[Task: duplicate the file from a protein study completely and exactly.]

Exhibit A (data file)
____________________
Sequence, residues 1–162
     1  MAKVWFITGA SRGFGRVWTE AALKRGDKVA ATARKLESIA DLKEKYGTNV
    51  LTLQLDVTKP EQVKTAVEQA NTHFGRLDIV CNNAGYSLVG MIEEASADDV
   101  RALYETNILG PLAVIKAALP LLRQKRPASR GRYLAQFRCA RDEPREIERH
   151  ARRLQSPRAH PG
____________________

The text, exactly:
Sequence, residues 1–162
     1  MAKVWFITGA SRGFGRVWTE AALKRGDKVA ATARKLESIA DLKEKYGTNV
    51  LTLQLDVTKP EQVKTAVEQA NTHFGRLDIV CNNAGYSLVG MIEEASADDV
   101  RALYETNILG PLAVIKAALP LLRQKRPASR GRYLAQFRCA RDEPREIERH
   151  ARRLQSPRAH PG